Margaret passed away very peacefully in her 87th year at Lakeshore Lodge, comforted in her final days by her loving family. Known to friends and family as Margot, she was bright, cultured, curious, an avid reader, an early feminist and fearless when provoked.
Margot was born in St. Asaph in North Wales, the eldest of three daughters. Her middle sister, Joan Garnett, predeceased her by 11 days, and she is survived by her youngest sister, Janet Farrington; her three children, Iain, Frances and Nicholas; Sally; and her three grandchildren, Graham, Malcolm and Eric.
Cerebral and studious, she went to London to study nursing where she met and married another bright soul, Dr. Brian Newbigin (1934 – 2006), followed by three children in quick succession, the latter two born in the couple’s new home in Canada. While Brian studied to become an eye surgeon, Margot devoted herself to raising her children with kindness and affection mixed with a certain British toughness: the children always walked the 2.5 km each way to and from school, regardless of the weather.
Margot read widely and eclectically including folk lore, the women’s movement, religion, mysticism and more. She was perhaps happiest when studying literature at the University of Toronto, delighted to be on campus and attending lectures as a mature student. Encouraged by Brian, she was also an adventurous cook and developed culinary enthusiasms from their travels abroad, such as a multi-month interest in Portuguese food that finally exhausted itself, much to her children’s relief.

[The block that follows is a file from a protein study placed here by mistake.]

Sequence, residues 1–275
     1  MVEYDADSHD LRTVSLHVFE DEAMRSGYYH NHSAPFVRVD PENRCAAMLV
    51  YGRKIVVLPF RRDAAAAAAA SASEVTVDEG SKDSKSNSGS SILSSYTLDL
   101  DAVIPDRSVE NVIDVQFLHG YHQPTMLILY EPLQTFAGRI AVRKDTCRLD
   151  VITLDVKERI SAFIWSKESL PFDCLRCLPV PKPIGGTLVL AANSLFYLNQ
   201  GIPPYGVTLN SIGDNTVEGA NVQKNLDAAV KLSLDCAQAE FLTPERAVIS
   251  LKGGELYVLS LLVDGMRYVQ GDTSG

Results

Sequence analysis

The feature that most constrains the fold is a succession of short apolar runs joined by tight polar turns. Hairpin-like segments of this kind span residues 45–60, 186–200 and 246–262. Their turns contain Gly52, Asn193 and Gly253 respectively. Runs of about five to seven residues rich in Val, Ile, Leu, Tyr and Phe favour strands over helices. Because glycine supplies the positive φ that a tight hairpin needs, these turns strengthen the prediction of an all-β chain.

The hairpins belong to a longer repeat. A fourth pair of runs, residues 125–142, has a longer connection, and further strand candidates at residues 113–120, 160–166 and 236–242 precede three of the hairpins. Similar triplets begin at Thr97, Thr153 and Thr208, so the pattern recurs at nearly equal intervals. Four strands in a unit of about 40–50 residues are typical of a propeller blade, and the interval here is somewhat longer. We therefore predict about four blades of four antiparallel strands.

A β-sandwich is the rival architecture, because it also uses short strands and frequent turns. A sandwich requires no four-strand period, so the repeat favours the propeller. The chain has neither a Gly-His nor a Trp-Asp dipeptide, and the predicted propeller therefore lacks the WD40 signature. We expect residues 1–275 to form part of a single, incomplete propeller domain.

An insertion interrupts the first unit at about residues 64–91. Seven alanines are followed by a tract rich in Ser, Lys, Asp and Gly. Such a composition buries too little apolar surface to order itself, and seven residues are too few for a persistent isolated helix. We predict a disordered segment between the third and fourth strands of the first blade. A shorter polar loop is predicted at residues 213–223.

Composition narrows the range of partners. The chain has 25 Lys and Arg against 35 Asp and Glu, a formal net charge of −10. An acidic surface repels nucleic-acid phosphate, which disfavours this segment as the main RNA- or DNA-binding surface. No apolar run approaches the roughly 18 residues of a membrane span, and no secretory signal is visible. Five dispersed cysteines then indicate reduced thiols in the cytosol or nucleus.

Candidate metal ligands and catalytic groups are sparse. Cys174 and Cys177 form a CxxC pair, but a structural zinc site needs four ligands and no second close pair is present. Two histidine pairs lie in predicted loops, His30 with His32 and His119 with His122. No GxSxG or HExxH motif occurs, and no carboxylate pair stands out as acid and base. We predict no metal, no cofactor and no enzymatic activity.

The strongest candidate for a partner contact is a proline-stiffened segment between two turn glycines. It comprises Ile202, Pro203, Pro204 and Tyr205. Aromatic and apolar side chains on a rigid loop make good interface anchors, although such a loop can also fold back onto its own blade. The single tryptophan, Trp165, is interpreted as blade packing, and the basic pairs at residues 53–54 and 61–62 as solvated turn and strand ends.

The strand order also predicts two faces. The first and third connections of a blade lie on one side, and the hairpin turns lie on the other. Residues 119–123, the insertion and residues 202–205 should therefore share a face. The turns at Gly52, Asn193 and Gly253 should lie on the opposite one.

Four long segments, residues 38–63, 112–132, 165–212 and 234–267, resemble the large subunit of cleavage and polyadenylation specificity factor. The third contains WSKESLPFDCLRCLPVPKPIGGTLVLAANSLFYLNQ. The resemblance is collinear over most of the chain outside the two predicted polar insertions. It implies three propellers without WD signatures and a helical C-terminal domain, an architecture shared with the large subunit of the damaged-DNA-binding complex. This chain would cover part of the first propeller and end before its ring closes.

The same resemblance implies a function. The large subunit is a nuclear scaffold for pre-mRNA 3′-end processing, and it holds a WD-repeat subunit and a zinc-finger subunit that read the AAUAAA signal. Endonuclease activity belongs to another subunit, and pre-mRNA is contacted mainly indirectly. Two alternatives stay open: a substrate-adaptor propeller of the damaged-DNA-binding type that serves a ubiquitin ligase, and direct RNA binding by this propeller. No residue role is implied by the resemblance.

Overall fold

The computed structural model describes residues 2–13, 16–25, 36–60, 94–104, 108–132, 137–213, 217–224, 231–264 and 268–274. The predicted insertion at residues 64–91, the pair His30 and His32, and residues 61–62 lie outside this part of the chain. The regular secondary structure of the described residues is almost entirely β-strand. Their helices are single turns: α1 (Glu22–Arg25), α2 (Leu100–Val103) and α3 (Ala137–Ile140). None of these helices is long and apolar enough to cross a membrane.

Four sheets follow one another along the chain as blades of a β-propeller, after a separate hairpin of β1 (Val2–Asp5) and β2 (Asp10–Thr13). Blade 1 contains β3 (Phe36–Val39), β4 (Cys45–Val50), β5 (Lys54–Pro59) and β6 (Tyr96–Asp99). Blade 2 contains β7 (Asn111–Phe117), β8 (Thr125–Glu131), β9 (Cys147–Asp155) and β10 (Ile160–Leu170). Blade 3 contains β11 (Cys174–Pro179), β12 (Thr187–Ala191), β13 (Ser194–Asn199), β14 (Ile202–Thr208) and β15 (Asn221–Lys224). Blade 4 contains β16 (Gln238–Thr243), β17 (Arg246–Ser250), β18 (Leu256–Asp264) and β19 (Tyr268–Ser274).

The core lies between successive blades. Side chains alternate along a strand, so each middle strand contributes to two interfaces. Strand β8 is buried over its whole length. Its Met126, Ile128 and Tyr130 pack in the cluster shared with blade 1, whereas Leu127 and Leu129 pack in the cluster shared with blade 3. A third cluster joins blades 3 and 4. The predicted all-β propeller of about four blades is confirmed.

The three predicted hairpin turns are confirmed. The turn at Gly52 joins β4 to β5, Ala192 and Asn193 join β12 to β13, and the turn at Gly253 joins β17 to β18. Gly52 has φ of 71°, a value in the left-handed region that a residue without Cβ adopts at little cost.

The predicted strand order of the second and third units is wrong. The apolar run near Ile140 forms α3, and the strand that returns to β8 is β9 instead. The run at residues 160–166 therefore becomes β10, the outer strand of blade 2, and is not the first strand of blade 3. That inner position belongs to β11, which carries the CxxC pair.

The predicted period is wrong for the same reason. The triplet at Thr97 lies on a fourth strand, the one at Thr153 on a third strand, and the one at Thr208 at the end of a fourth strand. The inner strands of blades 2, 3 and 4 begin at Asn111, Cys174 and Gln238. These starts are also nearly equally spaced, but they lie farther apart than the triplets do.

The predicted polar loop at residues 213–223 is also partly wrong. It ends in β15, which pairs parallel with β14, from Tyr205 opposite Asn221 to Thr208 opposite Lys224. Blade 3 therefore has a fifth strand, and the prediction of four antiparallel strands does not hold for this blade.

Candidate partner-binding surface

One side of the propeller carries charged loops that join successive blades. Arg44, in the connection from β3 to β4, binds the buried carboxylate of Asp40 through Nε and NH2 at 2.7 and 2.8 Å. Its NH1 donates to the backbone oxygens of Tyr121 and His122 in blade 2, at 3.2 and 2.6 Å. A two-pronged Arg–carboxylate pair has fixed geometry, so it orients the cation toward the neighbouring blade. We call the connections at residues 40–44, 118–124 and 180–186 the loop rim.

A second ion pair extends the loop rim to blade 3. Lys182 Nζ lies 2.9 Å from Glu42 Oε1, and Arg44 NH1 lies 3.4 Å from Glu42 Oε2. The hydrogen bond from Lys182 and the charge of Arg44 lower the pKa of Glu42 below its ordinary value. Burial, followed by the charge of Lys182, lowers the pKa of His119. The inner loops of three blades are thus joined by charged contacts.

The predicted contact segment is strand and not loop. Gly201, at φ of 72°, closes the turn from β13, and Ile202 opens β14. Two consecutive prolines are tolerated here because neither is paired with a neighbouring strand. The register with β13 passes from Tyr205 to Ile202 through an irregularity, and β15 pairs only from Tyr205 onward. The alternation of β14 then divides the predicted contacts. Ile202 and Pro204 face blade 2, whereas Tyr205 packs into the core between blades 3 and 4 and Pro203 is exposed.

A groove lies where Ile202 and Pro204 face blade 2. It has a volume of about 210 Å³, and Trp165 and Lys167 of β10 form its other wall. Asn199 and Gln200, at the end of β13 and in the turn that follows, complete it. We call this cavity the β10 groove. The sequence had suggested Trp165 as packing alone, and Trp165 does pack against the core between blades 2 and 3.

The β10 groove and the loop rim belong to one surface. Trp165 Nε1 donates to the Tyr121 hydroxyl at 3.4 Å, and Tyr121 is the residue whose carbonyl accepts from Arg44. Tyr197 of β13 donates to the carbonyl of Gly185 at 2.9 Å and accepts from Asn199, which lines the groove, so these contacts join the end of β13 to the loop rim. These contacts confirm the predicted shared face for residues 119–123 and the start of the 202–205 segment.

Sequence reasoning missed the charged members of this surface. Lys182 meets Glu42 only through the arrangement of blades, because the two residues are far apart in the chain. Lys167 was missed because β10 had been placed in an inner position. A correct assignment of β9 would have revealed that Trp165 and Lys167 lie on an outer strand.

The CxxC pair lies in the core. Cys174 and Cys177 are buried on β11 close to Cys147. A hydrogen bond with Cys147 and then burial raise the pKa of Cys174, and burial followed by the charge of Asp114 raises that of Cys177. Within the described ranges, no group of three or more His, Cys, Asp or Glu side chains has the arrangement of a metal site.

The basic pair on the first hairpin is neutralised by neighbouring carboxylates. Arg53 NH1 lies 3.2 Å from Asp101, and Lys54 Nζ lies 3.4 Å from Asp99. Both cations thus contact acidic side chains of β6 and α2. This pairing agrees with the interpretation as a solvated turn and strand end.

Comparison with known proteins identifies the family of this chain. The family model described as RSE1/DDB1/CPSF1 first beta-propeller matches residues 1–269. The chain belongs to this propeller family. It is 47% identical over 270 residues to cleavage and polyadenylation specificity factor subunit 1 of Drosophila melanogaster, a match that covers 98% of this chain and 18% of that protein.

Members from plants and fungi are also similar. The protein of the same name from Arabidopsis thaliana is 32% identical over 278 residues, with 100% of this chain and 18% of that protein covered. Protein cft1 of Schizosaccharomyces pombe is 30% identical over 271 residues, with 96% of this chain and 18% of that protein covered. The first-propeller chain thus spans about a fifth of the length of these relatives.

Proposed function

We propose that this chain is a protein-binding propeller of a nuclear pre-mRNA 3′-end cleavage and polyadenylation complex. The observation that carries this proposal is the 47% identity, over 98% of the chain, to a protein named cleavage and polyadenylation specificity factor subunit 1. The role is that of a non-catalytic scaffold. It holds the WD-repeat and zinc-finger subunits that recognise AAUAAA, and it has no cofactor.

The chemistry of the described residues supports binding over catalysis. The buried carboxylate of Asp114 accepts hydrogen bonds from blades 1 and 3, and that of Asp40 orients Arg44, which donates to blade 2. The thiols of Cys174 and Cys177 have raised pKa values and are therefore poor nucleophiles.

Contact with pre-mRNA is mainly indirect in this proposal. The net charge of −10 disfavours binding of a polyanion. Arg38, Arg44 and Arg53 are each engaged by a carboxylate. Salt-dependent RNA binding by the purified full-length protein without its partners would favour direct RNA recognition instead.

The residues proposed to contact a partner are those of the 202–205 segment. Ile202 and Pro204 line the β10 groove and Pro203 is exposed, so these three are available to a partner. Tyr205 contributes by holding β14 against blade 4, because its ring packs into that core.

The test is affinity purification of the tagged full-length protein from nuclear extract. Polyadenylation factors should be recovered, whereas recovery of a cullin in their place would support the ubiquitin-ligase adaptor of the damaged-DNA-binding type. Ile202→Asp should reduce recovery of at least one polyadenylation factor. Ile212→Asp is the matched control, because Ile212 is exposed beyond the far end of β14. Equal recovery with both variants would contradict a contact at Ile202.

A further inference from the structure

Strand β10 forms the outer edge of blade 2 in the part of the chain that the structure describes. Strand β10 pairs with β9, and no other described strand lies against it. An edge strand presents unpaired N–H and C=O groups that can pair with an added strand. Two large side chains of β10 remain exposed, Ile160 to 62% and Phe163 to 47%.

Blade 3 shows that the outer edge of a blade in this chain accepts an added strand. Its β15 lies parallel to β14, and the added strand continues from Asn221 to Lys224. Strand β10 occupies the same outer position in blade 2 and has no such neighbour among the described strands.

Later in life, Brian and Margot moved a number of times, including living a few years in Saudi Arabia, before settling in Mississauga. Sadly, following Brian’s death, Margot’s life became increasingly small and difficult due to mental health challenges and declining vision. Taken into long-term care following a broken hip in 2016, she regained her mental equilibrium and became a staff favourite for her unfailing gratitude and gracious disposition.
Margot was a woman of many enthusiasms and eccentricities for whom the world and its demands were sometimes a challenge, but she will be remembered as someone who was bright, curious, elegant, cultured and kind.
Her family offers their deep appreciation to all the staff at Lakeshore Lodge for their wonderful care over the years, going above and beyond during the pandemic and being so very kind and caring during her last few weeks and days. Cremation has taken place and the family will celebrate her memory privately.